The rise of digital health in the times of COVID-19

The COVID-19 pandemic has put considerable strain on the healthcare services across the globe and is impacting clinical development across many therapeutic areas, as many resources are being diverted to fighting the pandemic.

Disruptions to clinical trials in areas such as oncology and neuroscience are down to many reasons, including strict government lockdown measures preventing patients from visiting clinics and a shift in hospital resources away from non-essential procedures to prioritise the treatment of COVID-19 positive patients. In addition, a core principle of any clinical trial design is to mitigate the risk of harm to the study participant. COVID-19 represents an additional risk that must now be considered. For Alzheimer’s disease, this may be a particular issue since the symptomatic onset of this condition is more likely to occur after 65 years old and are more vulnerable to developing serious complications from COVID-19.

Therefore, biopharma companies conducting clinical trials that recruit patients for diseases focused on an older age demographic are having to postpone, suspend or rethink their clinical studies and adopt alternative strategies to continue with their clinical development.  This in turn is driving innovation in digital healthcare, since these strategies to protect vulnerable clinical trial participants are largely focused on developing and deploying remote monitoring solutions that can reliably monitor a patient’s symptoms and their progression and bypass the need to visit study clinics in person.

Even before the emergence of COVID-19, wearables have shown to be important when developing early clinical endpoints for neurodegenerative disease, with University College London (UCL) recently announcing a global initiative, Early Detection of Neurodegenerative diseases (EDoN)’ led by Alzheimer’s Research UK, to utilise wearable technology to gain digital health data on sleep, movement and speech patterns and help develop early digital fingerprints for neurodegenerative diseases such as Alzheimer’s disease. Recent research has also demonstrated the value of wearables data in assessing the motor activity and sleep quality in other areas of the central nervous system.  These wearable devices continuously measure movement (ie “actigraphy”) typically using an accelerometer, which may be worn on the wrist or attached to clothing.

As an example, IXICO’s recent work with a biopharma company explored the sleep-wake cycle in patients with schizophrenia receiving long-acting injectable (LAI) antipsychotic treatment in a randomized, double-blind clinical trial in recently stabilized outpatients. The data acquired from this study was analysed using IXICO’s validated algorithms to interpret data from wearable biosensors. Although an exploratory endpoint, this demonstrated the feasibility of measuring sleep and movement in stabilised patients with schizophrenia in an outpatient setting. The actigraphy results generated in this trial were consistent with previously published sleep and activity patterns, which have demonstrated longer total sleep times and lower average activity levels in patients with schizophrenia compared with the general population.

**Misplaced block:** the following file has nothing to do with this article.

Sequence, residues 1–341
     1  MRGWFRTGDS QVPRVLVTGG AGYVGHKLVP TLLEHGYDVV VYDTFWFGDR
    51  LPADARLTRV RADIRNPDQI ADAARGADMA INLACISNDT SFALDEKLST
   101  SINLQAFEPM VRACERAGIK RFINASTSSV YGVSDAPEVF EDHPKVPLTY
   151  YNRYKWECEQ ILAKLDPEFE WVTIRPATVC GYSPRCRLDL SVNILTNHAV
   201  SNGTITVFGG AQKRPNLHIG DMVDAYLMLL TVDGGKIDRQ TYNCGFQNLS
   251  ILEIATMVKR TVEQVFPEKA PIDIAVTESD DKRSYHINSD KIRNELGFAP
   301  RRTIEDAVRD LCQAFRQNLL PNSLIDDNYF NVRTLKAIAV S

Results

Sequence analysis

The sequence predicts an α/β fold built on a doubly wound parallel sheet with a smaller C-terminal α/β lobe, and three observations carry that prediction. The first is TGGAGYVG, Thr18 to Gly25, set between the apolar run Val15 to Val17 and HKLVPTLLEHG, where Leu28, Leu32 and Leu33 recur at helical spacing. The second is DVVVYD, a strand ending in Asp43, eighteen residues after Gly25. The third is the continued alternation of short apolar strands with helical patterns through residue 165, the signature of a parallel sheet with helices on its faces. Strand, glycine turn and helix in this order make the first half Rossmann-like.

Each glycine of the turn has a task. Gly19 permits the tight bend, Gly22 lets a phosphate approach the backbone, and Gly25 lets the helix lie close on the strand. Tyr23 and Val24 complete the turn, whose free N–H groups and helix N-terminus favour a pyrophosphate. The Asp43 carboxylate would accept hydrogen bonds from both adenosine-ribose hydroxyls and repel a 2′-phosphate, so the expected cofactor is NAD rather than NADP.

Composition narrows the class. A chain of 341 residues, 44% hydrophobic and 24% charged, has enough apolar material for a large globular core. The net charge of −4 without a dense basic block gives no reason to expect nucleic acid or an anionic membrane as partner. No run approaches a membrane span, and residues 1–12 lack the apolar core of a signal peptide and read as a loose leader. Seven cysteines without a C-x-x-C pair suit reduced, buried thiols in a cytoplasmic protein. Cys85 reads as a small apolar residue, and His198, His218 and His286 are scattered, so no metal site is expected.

IXICO’s R&D programme continues to develop new actigraphy solutions for clinical trials across a range of neurological indications. Recently, we presented a research poster at the Advances in Alzheimer’s and Parkinson’s Therapies (AAT-ADPD) conference that demonstrated the superior performance of our AI algorithm for sleep detection in Parkinson’s disease patients compared with traditional feature designed algorithms.

IXICO’s approach centres on development of “device-agnostic” algorithms for actigraphy, meaning that the same algorithm can be deployed on different studies, regardless of which wearable biosensor is selected. The device-agnostic solution was developed using data from the CONTEXT study (in collaboration with Centre Hospitalier Universitaire, Montpellier, France) as well as public actigraphy databases. Scientific results from this collaboration are currently under review for publication.

As we adapt our daily lives and working practices in response to the COVID-19 pandemic, the phrase “necessity is the mother of invention” has never run truer.  The need to protect patients and the wider population is driving digital health innovation at pace and has already opened up greater opportunity for virtual clinical trials that rely on remote monitoring rather than in person clinic visits. 

There is no doubt there will be a lasting impact of COVID-19 on our health services and on society as a whole, and key learnings will be used to improve our response to future pandemics at every level and the implementation of fundamental technology will be vital in keeping us all safe and well.

Date: 16/04/2020